I have been coached for almost 9 years now. I remember my first ever run session on the track. I was told by head coach Alister Russel to stay on the heels of the guy in the blue shirt at all cost. When we finished the set, Alister walked towards me with a big grin on his face "we are going to have some fun" he said. Not because I was running some record times or had an incredible running technique (quite the opposite) but because I was asked a task and I committed to completing that task "at all cost" To the point of stupidity as I found out the next day when I could barely get out of bed!
I still remember my early triathlon days as if it was yesterday. It was such a steep learning curve and I loved every minute of it. I was addicted to progress and progress I was making. Patiently ticking off everything which was asked of me with great results at races being the icing on the cake. Combining my sporting ambitions with a job, a (almost non existing) social life and a relationship was something I was pretty much accustomed to. I loved training so I have never felt like prioritising my sport was an issue. For years this was my life until it all ended up falling apart about 3-4 years ago which I have documented in many of my blogs.
Eating, breathing and sleeping triathlon whilst living in Sydney
I love writing, it is my way of processing my thoughts. Over the last couple of years I have revisited the same topics multiple times. Finding my way through my own mind. I have real difficulty figuring out what I actually want but exactly knowing what it is I do not want. Three months ago I quit my job at the university. After close to two tough years I put an end to my attempt of fitting into a world which was not mine. I have had a gypsy kind of lifestyle moving around hemispheres, countries, jobs, leaving almost every two to three years for over a decade. My job at the University should have been the end to that kind of life style, that was the plan. And when I handed in my notice in it felt like I failed not being able to stick to the plan. Especially after having already had to close the door on my sporting aspirations two years previous. Failing once again.
After I resigned I was worried about the reactions and comments I would get from the people around me such as "Are you changing jobs again?" "You can't have it all" "Will you ever be happy?" "You are expecting to much" Including my own destructive thoughts "your life should be sorted by now" "may be you need to change" "you will never be good enough" All creating doubts in my mind about the decision I had just made.
I withdrew myself from my environment and went back to the things I knew would make me happy. My bike, my running shoes, my dogs, the outdoors and a small group of close friends spread around the world who understood what made me, me without any judgement.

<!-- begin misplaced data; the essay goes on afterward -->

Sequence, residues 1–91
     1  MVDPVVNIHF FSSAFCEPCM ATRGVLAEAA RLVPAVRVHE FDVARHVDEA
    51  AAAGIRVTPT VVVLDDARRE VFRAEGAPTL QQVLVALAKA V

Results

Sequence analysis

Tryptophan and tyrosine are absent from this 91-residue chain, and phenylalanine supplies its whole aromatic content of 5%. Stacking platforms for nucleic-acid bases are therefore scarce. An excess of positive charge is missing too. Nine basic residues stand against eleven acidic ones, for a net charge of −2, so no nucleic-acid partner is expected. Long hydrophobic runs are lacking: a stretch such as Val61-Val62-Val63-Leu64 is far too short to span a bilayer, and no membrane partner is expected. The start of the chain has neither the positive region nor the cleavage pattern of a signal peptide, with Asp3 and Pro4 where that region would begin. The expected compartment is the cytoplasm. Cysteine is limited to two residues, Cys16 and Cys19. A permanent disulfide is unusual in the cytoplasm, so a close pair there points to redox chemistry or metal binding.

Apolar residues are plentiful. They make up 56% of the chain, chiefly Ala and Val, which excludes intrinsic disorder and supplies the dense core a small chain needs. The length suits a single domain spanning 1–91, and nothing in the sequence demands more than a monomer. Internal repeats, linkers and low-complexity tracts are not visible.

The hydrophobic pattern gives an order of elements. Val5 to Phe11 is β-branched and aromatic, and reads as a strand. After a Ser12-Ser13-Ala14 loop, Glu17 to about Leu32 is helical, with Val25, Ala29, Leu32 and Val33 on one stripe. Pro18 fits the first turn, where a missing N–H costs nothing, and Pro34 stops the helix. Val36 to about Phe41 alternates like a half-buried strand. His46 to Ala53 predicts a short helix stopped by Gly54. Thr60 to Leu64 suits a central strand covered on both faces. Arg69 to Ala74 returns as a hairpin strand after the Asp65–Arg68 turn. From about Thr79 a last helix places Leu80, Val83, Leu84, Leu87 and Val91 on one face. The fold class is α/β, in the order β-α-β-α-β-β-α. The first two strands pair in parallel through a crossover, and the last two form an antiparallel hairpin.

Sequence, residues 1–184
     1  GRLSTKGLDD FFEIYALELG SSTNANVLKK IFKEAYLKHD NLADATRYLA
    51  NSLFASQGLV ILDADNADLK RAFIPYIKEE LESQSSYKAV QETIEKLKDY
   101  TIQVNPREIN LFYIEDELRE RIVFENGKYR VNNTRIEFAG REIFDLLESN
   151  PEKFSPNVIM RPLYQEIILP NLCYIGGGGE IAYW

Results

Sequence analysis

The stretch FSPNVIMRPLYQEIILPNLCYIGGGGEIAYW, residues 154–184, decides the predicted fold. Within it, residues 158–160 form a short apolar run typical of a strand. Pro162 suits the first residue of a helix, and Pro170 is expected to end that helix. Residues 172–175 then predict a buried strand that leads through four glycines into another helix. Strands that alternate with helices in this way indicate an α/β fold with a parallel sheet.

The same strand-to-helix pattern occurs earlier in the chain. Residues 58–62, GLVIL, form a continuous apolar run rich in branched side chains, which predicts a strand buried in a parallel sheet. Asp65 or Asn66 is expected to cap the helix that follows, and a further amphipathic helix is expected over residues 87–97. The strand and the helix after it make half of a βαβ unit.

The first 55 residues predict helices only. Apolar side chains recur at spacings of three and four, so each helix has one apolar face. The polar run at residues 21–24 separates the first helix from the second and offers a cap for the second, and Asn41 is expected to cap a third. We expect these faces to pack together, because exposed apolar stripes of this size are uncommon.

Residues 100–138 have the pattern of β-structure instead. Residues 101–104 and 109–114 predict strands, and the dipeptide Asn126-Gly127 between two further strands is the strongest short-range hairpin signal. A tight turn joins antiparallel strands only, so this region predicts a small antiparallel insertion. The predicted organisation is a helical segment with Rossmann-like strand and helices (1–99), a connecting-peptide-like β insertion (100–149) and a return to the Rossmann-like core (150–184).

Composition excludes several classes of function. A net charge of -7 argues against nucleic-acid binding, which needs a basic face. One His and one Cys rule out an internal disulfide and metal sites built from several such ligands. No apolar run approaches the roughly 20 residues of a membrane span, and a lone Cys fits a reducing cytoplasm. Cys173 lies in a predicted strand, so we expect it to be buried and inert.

Spending time with in the Mountains with my best friend for over 30 years
For the first time in, well, my whole working life I had the chance to give myself space to breathe. Sort my head and really work out what I wanted. I discovered that that would take a lot longer than the 2-3 months I had before starting a new job!! But by going back to the basics I did rekindle my relationship with my sport. The routine of training and the simplicity of it gave me stability. The one thing guaranteed to make me feel good. It also made me realise how much I had missed it. I recall friends of mine who turned their backs on racing saying they were so relieved that they did not have to motivate themselves to stick to a training routine anymore. I have never struggled with motivation. Only the Scottish weather would throw me a curve ball from time to time! But even so I have never been one of those people who needed a push to get out and train. Quite the opposite. I love training. And I love training hard. I am a worker. What I love most about training is the feedback you get from your own body or the feedback from a coach. To give me the confidence I am moving forward and progressing to something better. I hate standing still, in any aspect of my life. Through injury I was forced to take a bit of time away from a regiment training program. But when I decided to step away from elite level racing, I also thought that it was overkill taking training so seriously. What I have discovered in the last couple of months though is that for me, it wasn't the races I missed most. It was the proper preparation for a racing season, leaving no stone unturned, working on every little detail. Feeling strong and prepared was what I missed the most. I missed the athlete lifestyle. And I realised that it was not necessary to be aiming for a world championship to incorporate that back into my life.
I loved spending a week with coach Nico and his wife Alex back in 2016, living the dream
I was lucky with James MacCallum and Whatsyourmeta on my doorstep giving the opportunity to work closely together with a coach again. James had helped me prepare with high altitude training for my trip to the Himalayas and had been my strength and conditioning coach after I had the ok from Physio Morgan to start proper rehabilitation post injury. I worked well with James and having the time to invest to get stronger under his watchful eye I have found extremely rewarding. I have been improving with leaps and bounces, which for someone like me is pure happiness! On top of that, I have been surrounded again by likeminded active people, all working towards a goal, how big or small that might be. That in itself I have found inspiring and reenergising.
Training at M.E.T.A and being inspired by incredible athletes such us Eileen Roe
In two weeks time I will be starting a new job at a specialised equine practice once again.
"May be its not always about trying to fix something broken. May be its about starting over and creating something better"